Apple, Microsoft Group Sells Smartphone Patents for $900 Million
The Rockstar Consortium, backed by Apple, Microsoft, BlackBerry, Sony, and Ericsson, has just sold the smartphone patents it was holding for $900 million. RPX Clearinghouse, a subsidiary of RPX Corp., acquired the assets and will license them, in some instances, to competitors of these companies.
Formed in 2011, the Rockstar Consortium holds about 6,000 patent assets from the Nortel bankruptcy estate. About 2,000 of those patents were distributed to Rockstar members before the sale to RPX, which provides patent risk solutions, offering defensive buying, acquisition syndication, patent intelligence, insurance services and advisory services.
"This is the largest syndicate of its kind, and it proves once again that our clearinghouse approach can transform the patent licensing process from one dominated by prolonged litigation to one that is transparent, scalable, and provides a rational outcome for licensors and licensees alike," said John Amster, CEO and co-founder of RPX.
RPX is licensing the patents to a syndicate of more than 30 companies, including Google and Cisco, on a non-exclusive basis. The company has vowed to make the patents available for license to any company that is interested under fair, reasonable, and non-discriminatory terms.
"With RPX acting as a clearinghouse and deal manager, a global consortium of unprecedented scale came together willingly and reached a fair value for licensing patent rights in a negotiated business transaction instead of a courtroom,” said Mark Chandler, General Counsel of Cisco. “This is an approach and transaction that is constructive for the entire industry.”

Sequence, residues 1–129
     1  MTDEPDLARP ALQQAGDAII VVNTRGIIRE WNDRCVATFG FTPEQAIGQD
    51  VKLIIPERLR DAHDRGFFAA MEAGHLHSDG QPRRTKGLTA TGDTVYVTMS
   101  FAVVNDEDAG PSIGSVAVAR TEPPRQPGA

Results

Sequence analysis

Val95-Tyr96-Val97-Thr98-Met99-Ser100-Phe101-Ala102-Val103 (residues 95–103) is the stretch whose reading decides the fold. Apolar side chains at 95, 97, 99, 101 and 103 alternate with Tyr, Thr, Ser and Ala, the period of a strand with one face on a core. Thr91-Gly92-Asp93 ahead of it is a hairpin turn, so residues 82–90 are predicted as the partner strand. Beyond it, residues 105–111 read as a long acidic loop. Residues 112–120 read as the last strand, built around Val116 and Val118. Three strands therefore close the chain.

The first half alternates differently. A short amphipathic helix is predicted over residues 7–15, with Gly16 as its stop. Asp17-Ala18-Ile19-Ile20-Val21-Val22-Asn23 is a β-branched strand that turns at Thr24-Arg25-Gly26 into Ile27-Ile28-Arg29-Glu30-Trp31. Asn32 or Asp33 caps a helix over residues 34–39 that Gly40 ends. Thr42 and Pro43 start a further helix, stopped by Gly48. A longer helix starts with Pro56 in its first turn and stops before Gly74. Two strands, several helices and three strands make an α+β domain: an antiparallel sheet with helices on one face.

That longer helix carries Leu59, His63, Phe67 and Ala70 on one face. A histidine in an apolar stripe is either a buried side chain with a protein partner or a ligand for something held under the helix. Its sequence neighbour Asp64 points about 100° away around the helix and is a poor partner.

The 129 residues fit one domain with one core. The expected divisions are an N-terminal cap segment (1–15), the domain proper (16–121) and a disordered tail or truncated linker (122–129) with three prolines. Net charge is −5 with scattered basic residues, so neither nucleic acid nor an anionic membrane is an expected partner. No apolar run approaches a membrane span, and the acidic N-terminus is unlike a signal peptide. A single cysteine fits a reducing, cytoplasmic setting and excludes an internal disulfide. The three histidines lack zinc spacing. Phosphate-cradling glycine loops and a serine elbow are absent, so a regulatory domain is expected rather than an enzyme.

Beyond Google and Cisco, a broad range of software and media providers, semi-conductor manufacturers, wireless carriers and wireline network operators, multiple system operators and original equipment manufacturers are part of the RPX Clearinghouse syndicate.
"Today's announcement is good news for our industry as it demonstrates our patent system working to promote innovation," said Erich Andersen, vice president and deputy general counsel of Microsoft. "We joined Rockstar to ensure that both Microsoft and our industry would have broad access to the Nortel patent portfolio, and we're pleased to have accomplished that goal through this sale and our valuable license to the patents being sold."
Google Was Outbid in 2011
We caught up with Greg Sterling, vice president of Strategy and Insights at the Local Search Association, to get his thoughts on the buy. “All the protracted patent litigation was incredibility wasteful and distracting for the smartphone industry,” he told us. “This represents the likely end of this unfortunate chapter.”
Google bid $900 million on Nortel Networks patents to build up the firm's mutual-destruction defense strategy in an increasingly litigious technology world back in 2011. Despite the fact that Nortel selected Google's offer as a 'stalking-horse bid,' Google wasn't the winner of the coveted patent portfolio. Instead, a group of rivals won the pot, and that, some thought, could put Google projects like Android and Chrome at risk of legal attack.
At the end of a multi-day auction, Nortel handed over all its remaining patents and patent applications to the consortium bidder for a cash purchase price of $4.5 billion. The portfolio touches nearly every aspect of telecommunications and other markets as well, including Internet search and social networking.
Rob Enderle, principal analyst at the Enderle Group, told us the industry seems to have recurring memory loss. He said it goes through a cycle that begins with one or more vendors aggressively litigating around patents and then deciding all of the testimony and discovery is a "royal pain in the butt" and shifting to cross licensing and more cooperation.
"This would indicate we have shifted, again, to the second part of that cycle and the core vendors have moved to a more cooperative model," Enderle said. "The time and aggravation of litigation between large companies can take all of the fun out of a job unless litigation is your business. The tech firms tend to forget this regularly."